Feminist activists in China now enjoy access to rich organisational possibilities facilitated by new media. The kinds of public performance activities most recently associated with the Feminist Five have been growing in number in recent years. But in the current environment of increasing constraint in China, they are necessarily limited, and the arrest in March 2015 is indicative of the willingness of the government to use coercive means to prevent further organisation. So, what is possible? Of course, online organisation will continue in its cat and mouse struggle with the government, as will transnational alliances.
Transnational alliances are crucial to enable Chinese feminism to flourish. The form transnational alliances now take between feminist activists in China and elsewhere, is of course, unprecedented, since it draws on the possibilities of connectedness made available by online networking and social media. The many solidarity selfies for the Stanford Survivor, Zheng Churan's public letter on 'straight man cancer' to Trump, Chinese feminists’ participation in the Women's March in Washington to protest Trump, Chinese feminists’ support for demands for abortion rights in Ireland, and the enormous international support to free Li Maizi and her fellow feminists in 2015, are but the most prominent recent examples.
The empowering potential of these alliances marks a new phase in the history of Chinese feminism. But international alliances have always characterised Chinese feminism, right from the beginning. The Birth of Chinese Feminism brought to light how the anarcho-feminist He-Yin Zhen’s remarkable critical writings more than a century ago emerged out of global intellectual and political developments. It is worth noting in this context that the journal Natural Justice, that He-Yin Zhen and Liu Shi-Pei set up in Tokyo in 1907-1908, published the first Chinese translation of the Communist Manifesto.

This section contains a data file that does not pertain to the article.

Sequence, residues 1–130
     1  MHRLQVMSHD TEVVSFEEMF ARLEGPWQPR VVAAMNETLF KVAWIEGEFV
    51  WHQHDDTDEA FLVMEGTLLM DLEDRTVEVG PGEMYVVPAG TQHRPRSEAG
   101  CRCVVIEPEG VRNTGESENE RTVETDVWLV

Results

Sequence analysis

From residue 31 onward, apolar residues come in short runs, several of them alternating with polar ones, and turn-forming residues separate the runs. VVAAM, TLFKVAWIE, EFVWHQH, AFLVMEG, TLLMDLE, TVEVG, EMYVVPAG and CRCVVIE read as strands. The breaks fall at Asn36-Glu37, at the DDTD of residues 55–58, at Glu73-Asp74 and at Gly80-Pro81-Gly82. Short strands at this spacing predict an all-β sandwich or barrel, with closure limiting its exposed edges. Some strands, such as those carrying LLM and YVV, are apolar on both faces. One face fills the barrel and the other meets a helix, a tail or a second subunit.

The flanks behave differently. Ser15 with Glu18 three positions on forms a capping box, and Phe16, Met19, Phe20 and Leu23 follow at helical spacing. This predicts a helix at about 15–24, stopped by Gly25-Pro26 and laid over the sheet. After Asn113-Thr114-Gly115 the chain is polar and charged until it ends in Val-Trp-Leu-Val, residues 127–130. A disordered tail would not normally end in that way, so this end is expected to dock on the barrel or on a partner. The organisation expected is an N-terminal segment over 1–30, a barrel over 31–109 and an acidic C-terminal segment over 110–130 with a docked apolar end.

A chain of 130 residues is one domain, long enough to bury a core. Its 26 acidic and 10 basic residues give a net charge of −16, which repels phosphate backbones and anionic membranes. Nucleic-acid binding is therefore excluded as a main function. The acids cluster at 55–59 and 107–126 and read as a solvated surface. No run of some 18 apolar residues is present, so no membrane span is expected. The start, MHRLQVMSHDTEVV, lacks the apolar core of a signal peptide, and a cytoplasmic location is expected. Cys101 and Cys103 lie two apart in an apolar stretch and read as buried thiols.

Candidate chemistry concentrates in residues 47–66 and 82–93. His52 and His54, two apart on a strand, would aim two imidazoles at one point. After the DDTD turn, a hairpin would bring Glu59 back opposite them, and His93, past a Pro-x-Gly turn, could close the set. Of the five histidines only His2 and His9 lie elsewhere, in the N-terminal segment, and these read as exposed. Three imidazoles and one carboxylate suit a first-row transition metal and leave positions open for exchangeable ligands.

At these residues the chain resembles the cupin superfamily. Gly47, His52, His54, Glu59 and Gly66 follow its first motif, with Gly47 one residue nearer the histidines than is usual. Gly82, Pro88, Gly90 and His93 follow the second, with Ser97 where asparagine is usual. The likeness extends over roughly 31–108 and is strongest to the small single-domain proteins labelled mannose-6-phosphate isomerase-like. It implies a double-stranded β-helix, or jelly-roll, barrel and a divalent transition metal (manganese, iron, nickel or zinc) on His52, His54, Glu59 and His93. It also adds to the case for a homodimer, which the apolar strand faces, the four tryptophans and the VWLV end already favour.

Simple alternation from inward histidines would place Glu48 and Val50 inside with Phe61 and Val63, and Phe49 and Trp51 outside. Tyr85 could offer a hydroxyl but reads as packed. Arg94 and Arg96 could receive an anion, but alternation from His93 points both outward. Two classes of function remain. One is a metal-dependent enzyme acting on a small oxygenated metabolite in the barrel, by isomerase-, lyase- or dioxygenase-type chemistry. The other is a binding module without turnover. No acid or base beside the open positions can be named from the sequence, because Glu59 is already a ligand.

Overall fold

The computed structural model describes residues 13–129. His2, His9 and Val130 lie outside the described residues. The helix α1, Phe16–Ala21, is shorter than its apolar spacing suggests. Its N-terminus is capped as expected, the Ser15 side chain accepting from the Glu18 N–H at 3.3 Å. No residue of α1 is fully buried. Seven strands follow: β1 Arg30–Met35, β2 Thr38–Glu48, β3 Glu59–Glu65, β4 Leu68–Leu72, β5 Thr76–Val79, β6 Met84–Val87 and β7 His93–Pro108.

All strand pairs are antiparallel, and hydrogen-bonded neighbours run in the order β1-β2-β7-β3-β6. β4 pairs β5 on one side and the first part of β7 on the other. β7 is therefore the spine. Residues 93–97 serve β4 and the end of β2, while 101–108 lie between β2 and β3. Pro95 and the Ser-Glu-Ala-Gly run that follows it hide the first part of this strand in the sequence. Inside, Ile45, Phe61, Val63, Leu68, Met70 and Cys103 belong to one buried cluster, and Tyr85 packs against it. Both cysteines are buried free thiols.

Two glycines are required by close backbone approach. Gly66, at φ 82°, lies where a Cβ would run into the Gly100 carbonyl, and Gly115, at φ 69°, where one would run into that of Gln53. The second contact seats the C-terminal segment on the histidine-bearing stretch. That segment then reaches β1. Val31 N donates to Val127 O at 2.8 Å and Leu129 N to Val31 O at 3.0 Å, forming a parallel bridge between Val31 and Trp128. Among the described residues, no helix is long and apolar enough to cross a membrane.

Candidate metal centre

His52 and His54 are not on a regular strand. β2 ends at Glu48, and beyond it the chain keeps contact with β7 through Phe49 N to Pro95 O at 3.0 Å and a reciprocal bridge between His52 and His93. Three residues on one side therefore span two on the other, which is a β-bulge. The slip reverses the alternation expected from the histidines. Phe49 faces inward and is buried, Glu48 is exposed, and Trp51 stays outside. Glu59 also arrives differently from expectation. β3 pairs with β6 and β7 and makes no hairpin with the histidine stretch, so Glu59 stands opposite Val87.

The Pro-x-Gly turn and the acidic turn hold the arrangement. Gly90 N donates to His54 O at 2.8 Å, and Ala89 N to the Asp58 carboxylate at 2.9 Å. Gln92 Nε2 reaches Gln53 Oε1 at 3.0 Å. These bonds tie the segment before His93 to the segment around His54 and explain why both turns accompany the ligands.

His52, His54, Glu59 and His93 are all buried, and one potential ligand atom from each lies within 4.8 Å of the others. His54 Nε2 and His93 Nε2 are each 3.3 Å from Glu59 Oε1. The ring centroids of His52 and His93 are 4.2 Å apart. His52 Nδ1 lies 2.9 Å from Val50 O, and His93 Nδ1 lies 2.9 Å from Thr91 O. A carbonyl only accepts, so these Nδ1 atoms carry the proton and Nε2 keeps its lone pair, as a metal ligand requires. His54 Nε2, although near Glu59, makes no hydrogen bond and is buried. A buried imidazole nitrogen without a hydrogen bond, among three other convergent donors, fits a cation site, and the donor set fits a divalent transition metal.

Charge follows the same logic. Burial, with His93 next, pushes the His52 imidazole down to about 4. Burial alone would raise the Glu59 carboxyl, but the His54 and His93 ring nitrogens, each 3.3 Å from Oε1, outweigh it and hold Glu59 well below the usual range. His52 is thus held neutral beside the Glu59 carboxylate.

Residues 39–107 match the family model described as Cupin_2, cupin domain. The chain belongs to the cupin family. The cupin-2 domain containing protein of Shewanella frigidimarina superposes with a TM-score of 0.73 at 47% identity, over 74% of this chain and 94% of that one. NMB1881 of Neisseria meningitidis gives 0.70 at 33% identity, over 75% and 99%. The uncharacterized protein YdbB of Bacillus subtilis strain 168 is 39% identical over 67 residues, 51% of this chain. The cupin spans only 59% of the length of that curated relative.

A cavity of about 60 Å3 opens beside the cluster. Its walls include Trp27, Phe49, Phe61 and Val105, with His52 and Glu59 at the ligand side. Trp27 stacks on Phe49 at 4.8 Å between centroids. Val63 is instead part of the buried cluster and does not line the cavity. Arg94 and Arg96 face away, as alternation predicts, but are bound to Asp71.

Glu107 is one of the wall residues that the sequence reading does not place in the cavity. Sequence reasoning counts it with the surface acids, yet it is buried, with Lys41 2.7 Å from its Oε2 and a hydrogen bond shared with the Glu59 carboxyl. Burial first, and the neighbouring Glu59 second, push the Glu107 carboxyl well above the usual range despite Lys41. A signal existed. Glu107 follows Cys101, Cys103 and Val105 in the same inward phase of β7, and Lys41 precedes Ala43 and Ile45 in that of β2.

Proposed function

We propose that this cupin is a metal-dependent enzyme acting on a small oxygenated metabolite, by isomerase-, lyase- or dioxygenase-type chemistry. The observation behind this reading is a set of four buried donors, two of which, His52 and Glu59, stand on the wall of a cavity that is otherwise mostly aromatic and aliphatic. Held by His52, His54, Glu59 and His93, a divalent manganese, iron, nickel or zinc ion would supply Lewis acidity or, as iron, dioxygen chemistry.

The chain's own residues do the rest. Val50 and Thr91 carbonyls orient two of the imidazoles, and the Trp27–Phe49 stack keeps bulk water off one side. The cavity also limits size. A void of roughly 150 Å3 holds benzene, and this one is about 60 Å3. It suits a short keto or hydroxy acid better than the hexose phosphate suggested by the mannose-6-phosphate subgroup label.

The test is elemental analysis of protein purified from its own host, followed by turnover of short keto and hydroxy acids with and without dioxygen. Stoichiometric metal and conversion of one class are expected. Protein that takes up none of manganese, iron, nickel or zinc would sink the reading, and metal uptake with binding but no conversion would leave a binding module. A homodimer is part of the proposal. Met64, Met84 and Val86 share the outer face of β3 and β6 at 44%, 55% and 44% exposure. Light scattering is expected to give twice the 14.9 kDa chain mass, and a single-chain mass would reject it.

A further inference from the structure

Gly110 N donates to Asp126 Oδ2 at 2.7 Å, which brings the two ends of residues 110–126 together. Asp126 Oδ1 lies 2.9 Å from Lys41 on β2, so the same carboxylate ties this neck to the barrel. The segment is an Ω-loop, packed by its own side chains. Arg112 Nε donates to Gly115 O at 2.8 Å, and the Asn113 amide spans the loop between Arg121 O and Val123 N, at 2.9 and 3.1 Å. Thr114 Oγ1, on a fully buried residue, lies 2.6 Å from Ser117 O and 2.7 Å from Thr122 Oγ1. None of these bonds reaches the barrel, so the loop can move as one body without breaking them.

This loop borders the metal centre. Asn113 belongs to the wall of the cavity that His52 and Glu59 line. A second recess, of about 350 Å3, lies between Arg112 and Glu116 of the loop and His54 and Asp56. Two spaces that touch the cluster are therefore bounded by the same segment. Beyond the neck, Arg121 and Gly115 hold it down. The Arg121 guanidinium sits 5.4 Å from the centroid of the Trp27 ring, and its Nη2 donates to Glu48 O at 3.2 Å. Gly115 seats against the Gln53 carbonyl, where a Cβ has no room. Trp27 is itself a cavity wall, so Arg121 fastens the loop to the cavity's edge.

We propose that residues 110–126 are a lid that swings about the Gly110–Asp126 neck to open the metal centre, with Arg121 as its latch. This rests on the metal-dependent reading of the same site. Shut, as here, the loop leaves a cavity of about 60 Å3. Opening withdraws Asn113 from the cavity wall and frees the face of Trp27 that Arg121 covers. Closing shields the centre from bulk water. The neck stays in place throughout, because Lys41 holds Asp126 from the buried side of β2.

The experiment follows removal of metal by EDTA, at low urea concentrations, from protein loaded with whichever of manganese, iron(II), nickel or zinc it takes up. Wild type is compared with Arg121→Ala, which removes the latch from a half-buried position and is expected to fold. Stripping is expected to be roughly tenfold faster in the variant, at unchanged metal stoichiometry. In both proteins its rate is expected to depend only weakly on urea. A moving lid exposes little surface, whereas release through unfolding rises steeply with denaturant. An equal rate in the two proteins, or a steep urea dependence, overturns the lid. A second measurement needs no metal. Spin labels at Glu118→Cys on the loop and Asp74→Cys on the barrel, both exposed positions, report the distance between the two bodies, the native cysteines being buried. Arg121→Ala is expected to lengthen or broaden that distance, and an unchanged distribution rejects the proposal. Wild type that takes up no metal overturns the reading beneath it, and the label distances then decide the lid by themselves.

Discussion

China’s feminist voices were effectively absorbed by the language of the Women’s Federation after 1949, but the importance of alliances with women of fraternal countries and of the non-aligned countries of Asia and Africa continued to feature in official political programmes. While Chinese feminism’s engagements with the West have taken off since the 1990s, it is important to remember that the West is not synonymous with ‘international’. The Chinese women’s movement has always and continues to build on transnational alliances. Now, as Trump attempts to limit access to abortion, the need for transnational feminist alliances becomes a pressing political imperative for everyone. As Angela Davis powerfully argued in her Freedom is a Constant Struggle, the possibilities of effective protest lie in making connections between struggles and different places.
Harriet Evans is Professor Emeritus of Chinese Cultural Studies, and former Founding/Director of the Contemporary China Centre in the Department of Modern Languages and Cultures at the University of Westminster. Her publications include Women and Sexuality in China: Discourses of Female Sexuality and Gender since 1949 (Polity Press, 1997), and Picturing Power in the People's Republic of China: Posters of the Cultural Revolution (co-edited with Stephanie Donald, Rowman and Littlefield, 1999); The Subject of Gender: Daughters and Mothers in Urban China (Rowman and Littlefield, 2007). Beijing from Below—an oral history of everyday life in a disadvantaged Beijing neighbourhood—is nearing completion. Image credit: China Digital Times.